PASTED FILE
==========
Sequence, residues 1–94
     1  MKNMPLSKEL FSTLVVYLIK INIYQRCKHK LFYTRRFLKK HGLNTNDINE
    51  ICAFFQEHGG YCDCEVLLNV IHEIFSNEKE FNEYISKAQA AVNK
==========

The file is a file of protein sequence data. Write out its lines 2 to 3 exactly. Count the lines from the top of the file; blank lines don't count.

     1  MKNMPLSKEL FSTLVVYLIK INIYQRCKHK LFYTRRFLKK HGLNTNDINE
    51  ICAFFQEHGG YCDCEVLLNV IHEIFSNEKE FNEYISKAQA AVNK